BOYS CROSS COUNTRY
Juniors T.J. Zwall and Nate Johnson joined DeLisi at the Adidas XC Challenge in North Carolina on Sept. 16, with each boasting strong performances. Zwall placed 29th overall out of 323 runners with a time of 15:44.60, beating his PR by 26 seconds. Johnson, gradually working his way back from an injury, was 92nd overall, equaling his PR of 16:34.10.
“It was a really good experience for them to go down there against some of the top runners in the Southeast,” head coach Tim Zwall said. “They typically don’t see those types of kids in the Northeast, so it was an eye-opener. It tells me we’re building a program at PC that is making traction.”
Back in Pennsylvania at the Inter-Ac Duals on Sept. 19 at Belmont Plateau, the Quakers finished with 55 team points behind only Episcopal, who had the top five runners in the race. PC placed three in the top 10 — freshman Matthew Dunn, 6th (17:36.60); Johnson, 7th (17:42.50); and Zwall, 8th (17:42.60). Peyton Burnett (14th) and Ben Berger (22nd) each finished in the top 25, with those two plus Dunn making immense progress already as underclassmen.
“I was very happy with the results,” Coach Zwall said. “It was our first look at both EA and Belmont, and we held back a bit looking ahead to the George School Invitational. We had hoped to break up EA’s top five there, but didn’t get a chance due to the rain. We’ll have plenty of other opportunities against them.”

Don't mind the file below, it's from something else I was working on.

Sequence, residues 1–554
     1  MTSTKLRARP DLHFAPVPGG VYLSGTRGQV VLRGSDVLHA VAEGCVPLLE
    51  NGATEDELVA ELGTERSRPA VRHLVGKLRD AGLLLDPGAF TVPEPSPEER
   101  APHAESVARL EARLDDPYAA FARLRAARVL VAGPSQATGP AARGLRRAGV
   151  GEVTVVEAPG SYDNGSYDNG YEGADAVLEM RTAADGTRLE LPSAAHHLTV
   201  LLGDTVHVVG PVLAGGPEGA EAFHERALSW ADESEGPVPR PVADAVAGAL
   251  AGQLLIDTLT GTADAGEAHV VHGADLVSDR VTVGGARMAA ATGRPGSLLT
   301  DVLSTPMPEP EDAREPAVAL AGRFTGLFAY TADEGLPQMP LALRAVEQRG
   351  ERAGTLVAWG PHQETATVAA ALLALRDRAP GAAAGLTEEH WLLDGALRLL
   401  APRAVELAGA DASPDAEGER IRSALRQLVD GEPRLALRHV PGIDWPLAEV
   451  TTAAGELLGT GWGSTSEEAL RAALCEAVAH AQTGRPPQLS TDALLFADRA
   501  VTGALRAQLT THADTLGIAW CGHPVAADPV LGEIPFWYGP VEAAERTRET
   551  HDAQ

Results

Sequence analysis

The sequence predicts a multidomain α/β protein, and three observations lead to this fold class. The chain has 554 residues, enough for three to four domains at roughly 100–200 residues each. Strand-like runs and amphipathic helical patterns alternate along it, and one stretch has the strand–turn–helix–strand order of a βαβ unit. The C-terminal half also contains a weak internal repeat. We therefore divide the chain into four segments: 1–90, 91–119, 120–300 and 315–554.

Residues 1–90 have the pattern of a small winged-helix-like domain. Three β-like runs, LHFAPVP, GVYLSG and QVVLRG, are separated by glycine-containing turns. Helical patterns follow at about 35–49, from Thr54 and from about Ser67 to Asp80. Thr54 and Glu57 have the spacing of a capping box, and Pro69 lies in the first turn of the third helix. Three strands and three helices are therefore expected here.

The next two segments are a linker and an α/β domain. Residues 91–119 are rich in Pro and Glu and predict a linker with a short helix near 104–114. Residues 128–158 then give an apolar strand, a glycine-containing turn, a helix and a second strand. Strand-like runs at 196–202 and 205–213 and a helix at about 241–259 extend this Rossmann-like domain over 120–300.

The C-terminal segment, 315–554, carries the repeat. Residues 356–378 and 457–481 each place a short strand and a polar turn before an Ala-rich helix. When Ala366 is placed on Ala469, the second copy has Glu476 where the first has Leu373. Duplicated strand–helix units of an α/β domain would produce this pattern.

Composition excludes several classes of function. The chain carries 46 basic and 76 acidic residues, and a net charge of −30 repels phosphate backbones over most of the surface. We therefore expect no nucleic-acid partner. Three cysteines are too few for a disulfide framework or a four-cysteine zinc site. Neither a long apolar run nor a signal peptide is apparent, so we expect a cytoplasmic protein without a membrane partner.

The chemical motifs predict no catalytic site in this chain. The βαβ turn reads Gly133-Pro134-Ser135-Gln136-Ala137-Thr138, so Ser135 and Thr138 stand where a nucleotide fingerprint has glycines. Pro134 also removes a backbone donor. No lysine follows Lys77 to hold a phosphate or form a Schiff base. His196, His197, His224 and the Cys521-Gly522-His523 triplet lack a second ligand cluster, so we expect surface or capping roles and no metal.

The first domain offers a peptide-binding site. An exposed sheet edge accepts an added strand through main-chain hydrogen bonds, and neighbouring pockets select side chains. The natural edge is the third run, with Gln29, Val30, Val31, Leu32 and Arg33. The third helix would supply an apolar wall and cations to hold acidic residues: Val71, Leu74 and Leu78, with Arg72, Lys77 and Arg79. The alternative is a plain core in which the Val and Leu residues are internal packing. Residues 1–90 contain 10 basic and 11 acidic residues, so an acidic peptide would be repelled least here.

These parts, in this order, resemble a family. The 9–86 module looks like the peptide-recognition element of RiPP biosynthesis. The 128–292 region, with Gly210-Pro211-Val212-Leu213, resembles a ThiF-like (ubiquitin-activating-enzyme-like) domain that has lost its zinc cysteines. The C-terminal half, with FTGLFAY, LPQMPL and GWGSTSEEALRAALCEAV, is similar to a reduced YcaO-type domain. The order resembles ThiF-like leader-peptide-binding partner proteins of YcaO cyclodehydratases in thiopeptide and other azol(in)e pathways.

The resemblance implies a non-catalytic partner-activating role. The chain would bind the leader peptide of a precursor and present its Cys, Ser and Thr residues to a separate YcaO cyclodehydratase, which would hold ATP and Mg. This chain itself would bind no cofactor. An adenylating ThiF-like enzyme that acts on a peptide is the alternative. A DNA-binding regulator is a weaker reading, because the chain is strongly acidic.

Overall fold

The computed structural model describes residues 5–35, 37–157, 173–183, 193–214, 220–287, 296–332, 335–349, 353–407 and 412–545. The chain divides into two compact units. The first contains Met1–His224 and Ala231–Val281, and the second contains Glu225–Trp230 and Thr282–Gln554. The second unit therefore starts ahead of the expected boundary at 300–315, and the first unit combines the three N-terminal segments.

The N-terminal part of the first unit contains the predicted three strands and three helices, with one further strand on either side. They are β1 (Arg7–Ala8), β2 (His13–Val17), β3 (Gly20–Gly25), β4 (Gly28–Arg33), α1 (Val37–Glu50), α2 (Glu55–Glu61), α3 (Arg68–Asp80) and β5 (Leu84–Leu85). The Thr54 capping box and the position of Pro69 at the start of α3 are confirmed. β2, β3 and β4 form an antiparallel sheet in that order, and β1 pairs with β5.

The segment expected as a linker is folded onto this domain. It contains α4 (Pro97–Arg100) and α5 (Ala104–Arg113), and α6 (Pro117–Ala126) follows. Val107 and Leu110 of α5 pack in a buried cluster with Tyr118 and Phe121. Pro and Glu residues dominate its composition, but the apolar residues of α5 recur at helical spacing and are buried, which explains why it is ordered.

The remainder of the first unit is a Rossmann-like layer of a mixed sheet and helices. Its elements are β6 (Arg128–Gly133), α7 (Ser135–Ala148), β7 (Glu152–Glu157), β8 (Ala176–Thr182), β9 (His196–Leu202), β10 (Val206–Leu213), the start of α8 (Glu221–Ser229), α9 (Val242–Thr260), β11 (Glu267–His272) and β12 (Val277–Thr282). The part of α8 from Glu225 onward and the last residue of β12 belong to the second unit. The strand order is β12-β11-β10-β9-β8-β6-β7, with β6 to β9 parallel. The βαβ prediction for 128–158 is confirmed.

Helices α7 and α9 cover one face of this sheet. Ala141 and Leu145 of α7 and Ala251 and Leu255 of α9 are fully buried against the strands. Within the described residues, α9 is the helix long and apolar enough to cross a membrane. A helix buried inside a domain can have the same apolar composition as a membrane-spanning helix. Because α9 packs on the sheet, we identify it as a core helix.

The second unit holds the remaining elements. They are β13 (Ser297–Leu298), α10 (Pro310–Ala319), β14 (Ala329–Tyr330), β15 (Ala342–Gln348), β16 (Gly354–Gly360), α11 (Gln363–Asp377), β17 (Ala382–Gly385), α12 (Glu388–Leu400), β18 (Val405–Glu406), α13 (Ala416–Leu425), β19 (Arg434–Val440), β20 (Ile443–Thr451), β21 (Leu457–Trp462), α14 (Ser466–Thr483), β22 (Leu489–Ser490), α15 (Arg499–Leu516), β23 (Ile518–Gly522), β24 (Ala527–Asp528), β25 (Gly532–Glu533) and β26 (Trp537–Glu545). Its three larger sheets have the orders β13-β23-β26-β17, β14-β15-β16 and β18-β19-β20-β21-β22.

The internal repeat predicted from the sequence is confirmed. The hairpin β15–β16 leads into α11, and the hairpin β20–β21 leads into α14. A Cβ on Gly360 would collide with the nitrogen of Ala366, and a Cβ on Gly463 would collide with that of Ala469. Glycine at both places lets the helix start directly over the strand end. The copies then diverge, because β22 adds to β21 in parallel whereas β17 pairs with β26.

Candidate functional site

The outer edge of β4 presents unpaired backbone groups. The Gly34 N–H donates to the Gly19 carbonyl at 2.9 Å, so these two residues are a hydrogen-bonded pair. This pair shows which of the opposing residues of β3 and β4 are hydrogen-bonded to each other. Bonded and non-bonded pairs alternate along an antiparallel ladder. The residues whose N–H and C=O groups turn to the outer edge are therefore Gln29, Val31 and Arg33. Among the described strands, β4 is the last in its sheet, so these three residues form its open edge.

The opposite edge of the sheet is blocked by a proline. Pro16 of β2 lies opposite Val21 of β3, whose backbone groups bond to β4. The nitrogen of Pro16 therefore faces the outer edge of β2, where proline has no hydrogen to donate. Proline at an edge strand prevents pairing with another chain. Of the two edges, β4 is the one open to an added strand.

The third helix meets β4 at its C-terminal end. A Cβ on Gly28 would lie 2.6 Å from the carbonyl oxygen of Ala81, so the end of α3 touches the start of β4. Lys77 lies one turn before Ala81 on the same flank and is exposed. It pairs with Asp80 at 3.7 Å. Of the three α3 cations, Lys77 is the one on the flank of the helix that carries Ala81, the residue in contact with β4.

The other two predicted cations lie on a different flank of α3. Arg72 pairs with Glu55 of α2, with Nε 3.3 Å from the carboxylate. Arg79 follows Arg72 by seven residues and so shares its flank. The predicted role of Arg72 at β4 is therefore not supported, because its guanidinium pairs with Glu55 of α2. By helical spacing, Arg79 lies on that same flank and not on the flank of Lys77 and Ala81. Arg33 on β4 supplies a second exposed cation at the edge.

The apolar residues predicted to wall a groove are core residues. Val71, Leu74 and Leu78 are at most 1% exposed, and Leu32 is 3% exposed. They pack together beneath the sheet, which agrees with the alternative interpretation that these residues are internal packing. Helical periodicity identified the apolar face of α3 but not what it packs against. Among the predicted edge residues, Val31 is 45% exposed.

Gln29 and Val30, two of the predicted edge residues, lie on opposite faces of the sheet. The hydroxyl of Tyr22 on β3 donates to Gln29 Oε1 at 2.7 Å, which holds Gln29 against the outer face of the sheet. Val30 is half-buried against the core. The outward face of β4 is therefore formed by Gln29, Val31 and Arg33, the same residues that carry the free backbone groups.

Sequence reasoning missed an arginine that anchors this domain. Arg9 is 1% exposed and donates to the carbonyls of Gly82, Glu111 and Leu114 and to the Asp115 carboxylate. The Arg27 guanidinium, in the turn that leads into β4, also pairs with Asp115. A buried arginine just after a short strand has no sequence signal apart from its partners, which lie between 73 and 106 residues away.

The Quakers will head to the Carlisle Invitational on Sept. 30 and compete against runners from more than 100 schools, allowing Zwall to see how his squad stacks up against some of the top programs in the state.
“We’re hoping for a top five finish,” he said. “That would be really good considering the size of our program compared to some of the other competitors.”
It’s been a relatively quiet period for the boys soccer team, which played just two games between Sept. 14-26: a 2-0 win over Roman Catholic on Sept. 14, followed by a 7-0 loss at Saint Benedict’s Prep, a Newark, N.J.-based soccer powerhouse that outscored its opponents 23-0 in its first three wins, on Sept. 20.